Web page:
Southeast Georgia Fishing Report: May 30, 2014

By: Bert Deener, GA DNR Fisheries Biologist

(Deener’s reports can also be found in the Waycross Journal Herald on Thursdays)

Warren Budd of Newnan caught this whopper 1-pound, 12-ounce bluegill from a pond on Saturday on a black/chartreuse Satilla Spin.
Warren Budd of Newnan caught this whopper 1-pound, 12-ounce bluegill from a pond on Saturday on a black/chartreuse Satilla Spin.

Wow, what a difference a week can make. The Satilla River has overshadowed everything else this week. The upper river should be great this weekend, and the middle river should pick up too. The first quarter moon is June 5. To monitor all the Georgia river levels, visit the USGS website.

Altamaha River – I received a couple reports of good bluegills caught from the river. It’s not on fire, but should pick up significantly by the weekend with the falling water. Black/yellow Satilla Spins worked well for those I talked to. Connie at Jaycee Landing Bait and Tackle reported the river has started falling and the catch has picked up, and should continue to improve through the weekend. Bream and catfish were the most consistent bites for those fishing out of Jaycees Landing. Some redbreasts were also caught on the back sides of sandbars. Dannett from Altamaha Park reported that anglers caught bream, shellcrackers, and catfish over the weekend. Shellcrackers were caught on pink worms, while bream ate crickets, worms, and Spin Dandy and Satilla Spin spinnerbaits. Catfish were fooled with worms and shrimp. One angler reported catching 35 bream on a Satilla Spin (the fish don’t care which river the bait was designed for…).  The timing looks like it is going to be perfect for a new panfish tournament sponsored by Iron Pigs Motorcycle Club to be held June 14. First place is a guaranteed $500. The tournament will be based out of Jaycees Landing in Jesup. The winner will be determined based on the weight of their biggest 10 panfish (bluegill, warmouth, redbreasts, and shellcrackers are the species to be weighed). The entry fee is a modest $20 per angler (children under 16 years of age can compete free of charge with a paying adult). For more information, contact the Wayne County Board of Tourism at 912-427-3233. Check out my article on bream fishing the Altamaha in the May issue of Georgia Outdoor News if you want some details about panfishing the big river. The river level was 8.2 feet and falling (79 degrees) at the Baxley gage, and 9.5 feet and falling (76 degrees) at the Doctortown gage on May 27.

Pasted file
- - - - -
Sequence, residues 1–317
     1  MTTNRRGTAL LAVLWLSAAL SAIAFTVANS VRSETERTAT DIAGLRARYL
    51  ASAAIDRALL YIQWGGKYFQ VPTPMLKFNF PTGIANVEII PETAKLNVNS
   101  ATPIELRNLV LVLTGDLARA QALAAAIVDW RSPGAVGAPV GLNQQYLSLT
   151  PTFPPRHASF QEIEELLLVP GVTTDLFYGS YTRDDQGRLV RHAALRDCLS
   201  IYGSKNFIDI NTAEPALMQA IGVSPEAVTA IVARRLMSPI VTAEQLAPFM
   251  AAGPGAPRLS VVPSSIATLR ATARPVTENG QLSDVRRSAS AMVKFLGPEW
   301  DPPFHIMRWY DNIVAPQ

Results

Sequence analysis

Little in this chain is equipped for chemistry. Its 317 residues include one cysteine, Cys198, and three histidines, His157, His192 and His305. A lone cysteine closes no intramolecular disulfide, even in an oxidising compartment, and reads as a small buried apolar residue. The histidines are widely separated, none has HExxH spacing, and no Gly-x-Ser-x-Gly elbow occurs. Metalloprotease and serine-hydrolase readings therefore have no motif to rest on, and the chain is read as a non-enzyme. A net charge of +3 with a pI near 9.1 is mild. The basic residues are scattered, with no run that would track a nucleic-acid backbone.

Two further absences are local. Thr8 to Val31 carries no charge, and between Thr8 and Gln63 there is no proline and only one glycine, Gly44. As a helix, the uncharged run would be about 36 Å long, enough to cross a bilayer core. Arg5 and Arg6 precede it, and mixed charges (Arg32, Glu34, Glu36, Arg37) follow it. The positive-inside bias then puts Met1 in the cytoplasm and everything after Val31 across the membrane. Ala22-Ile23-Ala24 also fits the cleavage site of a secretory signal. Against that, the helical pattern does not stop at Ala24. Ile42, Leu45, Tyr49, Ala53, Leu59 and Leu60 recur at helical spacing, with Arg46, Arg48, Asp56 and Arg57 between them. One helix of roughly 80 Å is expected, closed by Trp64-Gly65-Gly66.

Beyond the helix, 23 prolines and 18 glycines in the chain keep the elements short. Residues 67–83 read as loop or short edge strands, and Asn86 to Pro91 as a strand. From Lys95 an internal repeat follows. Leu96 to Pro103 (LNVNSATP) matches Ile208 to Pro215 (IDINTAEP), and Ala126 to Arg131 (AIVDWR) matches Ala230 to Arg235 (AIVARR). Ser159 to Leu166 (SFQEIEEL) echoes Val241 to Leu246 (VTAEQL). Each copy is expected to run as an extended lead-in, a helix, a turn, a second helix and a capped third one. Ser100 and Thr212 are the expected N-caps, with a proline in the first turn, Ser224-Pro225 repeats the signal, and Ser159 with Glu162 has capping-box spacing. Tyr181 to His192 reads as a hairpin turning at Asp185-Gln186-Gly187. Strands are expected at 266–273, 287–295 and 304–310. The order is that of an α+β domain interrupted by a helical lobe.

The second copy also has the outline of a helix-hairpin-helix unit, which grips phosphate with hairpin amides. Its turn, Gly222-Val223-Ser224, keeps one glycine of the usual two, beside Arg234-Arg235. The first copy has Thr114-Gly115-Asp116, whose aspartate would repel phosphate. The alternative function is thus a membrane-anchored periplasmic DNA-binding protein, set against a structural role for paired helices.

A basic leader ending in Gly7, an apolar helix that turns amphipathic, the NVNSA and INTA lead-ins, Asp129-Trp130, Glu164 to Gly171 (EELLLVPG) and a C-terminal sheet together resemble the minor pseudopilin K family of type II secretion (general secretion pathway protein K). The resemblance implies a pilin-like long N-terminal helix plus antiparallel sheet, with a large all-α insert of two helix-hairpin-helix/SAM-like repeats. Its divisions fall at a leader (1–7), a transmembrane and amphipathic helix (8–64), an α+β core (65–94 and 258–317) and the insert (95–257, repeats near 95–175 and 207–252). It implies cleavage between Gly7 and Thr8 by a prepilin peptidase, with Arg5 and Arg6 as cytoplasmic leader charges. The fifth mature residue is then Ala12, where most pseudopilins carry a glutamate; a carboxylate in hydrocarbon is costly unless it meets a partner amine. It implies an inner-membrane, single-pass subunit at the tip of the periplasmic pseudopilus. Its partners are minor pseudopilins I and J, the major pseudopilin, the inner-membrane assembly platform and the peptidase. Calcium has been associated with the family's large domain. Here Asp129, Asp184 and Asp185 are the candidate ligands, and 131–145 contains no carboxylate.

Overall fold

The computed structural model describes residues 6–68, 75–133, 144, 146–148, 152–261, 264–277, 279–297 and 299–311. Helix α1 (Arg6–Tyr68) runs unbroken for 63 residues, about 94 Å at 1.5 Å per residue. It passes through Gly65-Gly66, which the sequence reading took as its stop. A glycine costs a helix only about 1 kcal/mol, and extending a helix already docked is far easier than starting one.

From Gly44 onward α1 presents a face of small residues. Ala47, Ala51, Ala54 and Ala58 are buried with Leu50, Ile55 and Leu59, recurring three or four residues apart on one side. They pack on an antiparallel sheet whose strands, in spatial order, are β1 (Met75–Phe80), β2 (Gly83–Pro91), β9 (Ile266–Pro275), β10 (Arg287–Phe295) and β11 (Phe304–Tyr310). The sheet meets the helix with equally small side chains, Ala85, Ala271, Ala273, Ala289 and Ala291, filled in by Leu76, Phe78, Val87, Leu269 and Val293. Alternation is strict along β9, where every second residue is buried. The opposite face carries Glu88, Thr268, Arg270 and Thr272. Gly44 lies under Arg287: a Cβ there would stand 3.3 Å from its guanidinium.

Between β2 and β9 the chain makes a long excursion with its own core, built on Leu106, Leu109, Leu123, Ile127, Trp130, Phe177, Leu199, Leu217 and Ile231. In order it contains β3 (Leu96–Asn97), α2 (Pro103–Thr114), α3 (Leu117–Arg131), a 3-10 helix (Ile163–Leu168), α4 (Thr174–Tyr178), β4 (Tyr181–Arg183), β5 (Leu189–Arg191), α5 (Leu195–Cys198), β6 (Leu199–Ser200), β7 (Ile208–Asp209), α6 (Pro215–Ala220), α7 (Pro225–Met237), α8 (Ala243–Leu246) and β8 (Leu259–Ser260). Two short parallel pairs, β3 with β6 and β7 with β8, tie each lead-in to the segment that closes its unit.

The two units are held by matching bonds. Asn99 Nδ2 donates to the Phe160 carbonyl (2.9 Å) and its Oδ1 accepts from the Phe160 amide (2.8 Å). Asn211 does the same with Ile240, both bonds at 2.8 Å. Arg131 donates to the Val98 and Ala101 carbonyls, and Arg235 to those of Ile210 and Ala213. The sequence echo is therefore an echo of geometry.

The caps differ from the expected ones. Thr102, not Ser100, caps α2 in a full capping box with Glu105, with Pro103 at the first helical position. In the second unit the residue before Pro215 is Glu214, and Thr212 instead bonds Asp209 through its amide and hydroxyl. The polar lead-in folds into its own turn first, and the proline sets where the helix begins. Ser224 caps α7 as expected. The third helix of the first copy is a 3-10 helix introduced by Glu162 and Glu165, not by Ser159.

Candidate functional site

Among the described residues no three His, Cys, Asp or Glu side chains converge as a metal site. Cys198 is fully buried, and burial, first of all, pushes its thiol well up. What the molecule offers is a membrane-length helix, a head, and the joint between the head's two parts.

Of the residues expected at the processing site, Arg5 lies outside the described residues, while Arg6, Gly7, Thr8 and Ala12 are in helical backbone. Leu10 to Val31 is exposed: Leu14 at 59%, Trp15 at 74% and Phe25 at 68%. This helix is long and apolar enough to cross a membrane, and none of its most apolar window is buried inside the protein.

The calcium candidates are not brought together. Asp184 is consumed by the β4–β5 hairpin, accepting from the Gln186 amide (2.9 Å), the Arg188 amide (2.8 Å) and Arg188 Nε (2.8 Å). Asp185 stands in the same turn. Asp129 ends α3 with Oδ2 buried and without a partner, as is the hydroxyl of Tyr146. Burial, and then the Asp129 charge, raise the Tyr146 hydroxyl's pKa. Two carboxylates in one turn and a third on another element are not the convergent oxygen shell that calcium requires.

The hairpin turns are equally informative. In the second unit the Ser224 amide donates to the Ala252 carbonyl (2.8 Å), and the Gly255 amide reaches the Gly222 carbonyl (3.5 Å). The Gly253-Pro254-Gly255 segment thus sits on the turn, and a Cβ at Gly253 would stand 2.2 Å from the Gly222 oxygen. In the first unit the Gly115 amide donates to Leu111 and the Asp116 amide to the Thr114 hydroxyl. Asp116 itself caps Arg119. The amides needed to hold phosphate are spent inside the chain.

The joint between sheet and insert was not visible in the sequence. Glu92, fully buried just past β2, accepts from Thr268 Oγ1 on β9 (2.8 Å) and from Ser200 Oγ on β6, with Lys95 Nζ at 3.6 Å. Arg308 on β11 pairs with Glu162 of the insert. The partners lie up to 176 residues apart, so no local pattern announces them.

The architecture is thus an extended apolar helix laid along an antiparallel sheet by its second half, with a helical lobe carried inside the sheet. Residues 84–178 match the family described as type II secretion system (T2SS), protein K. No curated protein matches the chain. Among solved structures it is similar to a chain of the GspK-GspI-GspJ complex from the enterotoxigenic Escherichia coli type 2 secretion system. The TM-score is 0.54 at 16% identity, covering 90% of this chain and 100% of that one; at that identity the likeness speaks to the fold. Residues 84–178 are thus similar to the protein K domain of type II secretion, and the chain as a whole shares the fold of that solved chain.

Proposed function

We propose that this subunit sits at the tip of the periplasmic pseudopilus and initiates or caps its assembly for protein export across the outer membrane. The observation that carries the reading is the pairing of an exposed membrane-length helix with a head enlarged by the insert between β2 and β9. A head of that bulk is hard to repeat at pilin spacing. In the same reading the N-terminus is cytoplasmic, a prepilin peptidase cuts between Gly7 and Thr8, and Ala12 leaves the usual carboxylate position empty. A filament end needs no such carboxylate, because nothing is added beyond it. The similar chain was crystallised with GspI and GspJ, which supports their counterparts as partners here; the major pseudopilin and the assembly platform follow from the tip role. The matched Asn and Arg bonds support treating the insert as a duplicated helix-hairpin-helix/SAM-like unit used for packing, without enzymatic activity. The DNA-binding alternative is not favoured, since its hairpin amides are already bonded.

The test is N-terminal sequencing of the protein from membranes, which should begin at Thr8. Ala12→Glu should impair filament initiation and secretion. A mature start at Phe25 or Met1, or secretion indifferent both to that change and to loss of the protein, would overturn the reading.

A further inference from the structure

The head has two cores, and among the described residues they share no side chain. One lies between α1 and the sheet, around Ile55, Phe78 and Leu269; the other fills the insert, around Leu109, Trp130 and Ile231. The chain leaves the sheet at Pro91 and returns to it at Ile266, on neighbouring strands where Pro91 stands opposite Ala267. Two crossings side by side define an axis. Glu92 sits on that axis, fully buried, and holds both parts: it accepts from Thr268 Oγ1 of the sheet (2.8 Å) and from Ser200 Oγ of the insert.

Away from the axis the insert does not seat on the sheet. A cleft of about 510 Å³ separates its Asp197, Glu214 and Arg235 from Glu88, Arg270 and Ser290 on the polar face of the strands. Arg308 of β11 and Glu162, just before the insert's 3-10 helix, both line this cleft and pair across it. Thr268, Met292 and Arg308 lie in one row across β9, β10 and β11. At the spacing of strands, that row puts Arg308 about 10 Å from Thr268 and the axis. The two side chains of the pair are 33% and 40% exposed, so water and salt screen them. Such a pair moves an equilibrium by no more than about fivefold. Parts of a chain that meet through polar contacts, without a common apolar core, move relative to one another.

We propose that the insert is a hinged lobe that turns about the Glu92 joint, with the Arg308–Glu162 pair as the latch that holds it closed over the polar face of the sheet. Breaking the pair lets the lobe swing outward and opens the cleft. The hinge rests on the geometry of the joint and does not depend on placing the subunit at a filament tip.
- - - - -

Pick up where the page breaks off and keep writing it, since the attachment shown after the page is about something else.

Satilla River – It has been great fishing over the last week on the upper river, and the river is not even “right” yet. Last week’s slug of water is heading downstream, and the water has a “coffee with cream look” to it. I took Wyatt Crews of Waycross on Monday morning out of the Blackshear Bridge Landing, and we had a really slow bite for the first couple hours, only picking up a few small bass and spotted sunfish (stumpknockers) on red/white Satilla Spins. But, from 10 to 11 a.m. the bite fired off, and we caught a dozen redbreasts. Six of them were “roosters” over 9 inches with blood red bellies. They were gorgeous fish. Black/yellow was our best color, but we caught some on black/chartreuse. We could not get them to eat crawfish, but that is not surprising in the murky water. As it clears, that will be a go-to color. Wyatt Crews and Scout Carter fished out of the same landing on Tuesday evening for an hour and a half and caught 10 whopper redbreasts and bluegills. Scout caught his first redbreast on that trip. Their best color was black/yellow. The 1/8-oz version has been working best for us because we can get it down much better in the swift current than the 1/16oz model. That will probably reverse as the river level approaches 5 feet at the Waycross gage and the current slows down. A couple of Waycross anglers fished several days over the weekend in the Hwy 158 area and caught several dozen redbreasts on Saturday and about a dozen the other days. Black/yellow Satilla Spins worked best for them. I received several other reports of folks catching 10 to 50 redbreasts and bluegills per trip (depending upon how long folks fished). The consensus this week (from the reports I received) are that the black/yellow was the deal in the heavily stained water. Michael Winge of Winge’s Bait and Tackle in Waycross said that he got reports of anglers catching limits of redbreasts in the Jamestown area of the Satilla. Satilla Spins were tops, but crickets, beetlespins, and Spin Dandys caught them, also. Last Friday, two Waycross anglers caught one of the biggest stringers (size-wise) of redbreasts that they said they have ever caught. They were using beetlespins. Anglers fishing worms on the bottom caught catfish, bream, and catfish. Bass were reported by anglers fishing ZOOM Flukes and plastic worms. Early in the week, anglers did really well on the Satilla tributaries, such as the Alabaha and Little Satilla rivers. They will be at paddle-only levels by the time you read this, unless some thunderstorms camp over the headwaters of those tributaries. The river level at the Waycross gage was 8.1 feet and falling (75 degrees) and at the Atkinson gage was 9.3 feet and falling slowly (77 degrees) on May 27.